Achievement motives are appetitive and aversive dispositions toward competence/incompetence.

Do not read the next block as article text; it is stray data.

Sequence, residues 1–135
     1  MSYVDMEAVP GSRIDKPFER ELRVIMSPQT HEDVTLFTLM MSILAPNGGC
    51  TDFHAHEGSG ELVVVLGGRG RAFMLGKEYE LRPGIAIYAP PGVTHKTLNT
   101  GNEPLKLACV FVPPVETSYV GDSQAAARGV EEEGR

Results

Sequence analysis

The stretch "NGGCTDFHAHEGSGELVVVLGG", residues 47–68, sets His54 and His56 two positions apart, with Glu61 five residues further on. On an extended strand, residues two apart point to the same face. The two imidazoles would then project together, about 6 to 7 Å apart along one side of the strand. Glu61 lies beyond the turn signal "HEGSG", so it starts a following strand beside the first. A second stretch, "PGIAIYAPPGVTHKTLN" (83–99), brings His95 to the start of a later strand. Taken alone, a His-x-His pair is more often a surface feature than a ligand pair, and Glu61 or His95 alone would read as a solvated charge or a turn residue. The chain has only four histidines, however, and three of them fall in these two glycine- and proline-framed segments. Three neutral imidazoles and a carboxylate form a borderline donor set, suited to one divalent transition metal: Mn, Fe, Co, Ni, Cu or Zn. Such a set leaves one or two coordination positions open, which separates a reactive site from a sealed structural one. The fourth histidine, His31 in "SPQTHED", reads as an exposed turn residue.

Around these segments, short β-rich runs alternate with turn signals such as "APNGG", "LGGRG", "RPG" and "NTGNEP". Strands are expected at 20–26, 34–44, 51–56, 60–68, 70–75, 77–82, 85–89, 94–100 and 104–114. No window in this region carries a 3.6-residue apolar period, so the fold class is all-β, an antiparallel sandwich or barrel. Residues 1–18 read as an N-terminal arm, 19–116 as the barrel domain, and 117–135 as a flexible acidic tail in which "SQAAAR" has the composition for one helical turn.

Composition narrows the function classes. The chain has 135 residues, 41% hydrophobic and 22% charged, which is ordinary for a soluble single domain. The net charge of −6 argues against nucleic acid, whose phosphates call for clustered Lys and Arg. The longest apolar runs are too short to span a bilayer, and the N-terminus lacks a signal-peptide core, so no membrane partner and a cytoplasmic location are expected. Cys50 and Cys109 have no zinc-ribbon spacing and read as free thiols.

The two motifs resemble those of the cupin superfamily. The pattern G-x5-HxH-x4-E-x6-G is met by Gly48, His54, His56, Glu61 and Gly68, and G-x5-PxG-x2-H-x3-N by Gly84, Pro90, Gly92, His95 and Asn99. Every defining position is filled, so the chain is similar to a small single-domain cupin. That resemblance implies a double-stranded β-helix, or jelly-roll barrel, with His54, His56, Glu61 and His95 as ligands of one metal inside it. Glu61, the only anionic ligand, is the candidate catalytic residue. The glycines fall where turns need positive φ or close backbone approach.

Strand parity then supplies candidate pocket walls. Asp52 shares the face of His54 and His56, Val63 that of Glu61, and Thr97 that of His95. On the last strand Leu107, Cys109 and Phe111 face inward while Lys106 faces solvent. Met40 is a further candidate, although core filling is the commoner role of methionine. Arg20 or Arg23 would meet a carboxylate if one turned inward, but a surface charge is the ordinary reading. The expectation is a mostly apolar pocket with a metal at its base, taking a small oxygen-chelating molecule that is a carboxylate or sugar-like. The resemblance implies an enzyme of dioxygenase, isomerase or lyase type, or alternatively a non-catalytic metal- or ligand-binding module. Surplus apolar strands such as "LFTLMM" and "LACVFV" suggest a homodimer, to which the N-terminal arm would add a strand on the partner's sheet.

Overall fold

The achievement motive construct was introduced by Harvard psychologist Henry Murray (1938) and systematically formalized in the 1950s by David McClelland, John Atkinson, and their colleagues (see McClelland et al. 1953). These theorists described motives as learned associations between environmental cues and resulting affective responses. These learned associations spawn anticipation of the affective responses, which subsequently prompt achievement behavior (McClelland et al. 1953; Murray 1938). Anticipatory emotions relevant to achievement motives include anticipatory pride and shame. Anticipatory pride and shame function as the basis for the two predominant achievement motives that have received attention in the literature – need for achievement and fear of failure (Atkinson and Feather 1966; McClelland et al. 1953)....
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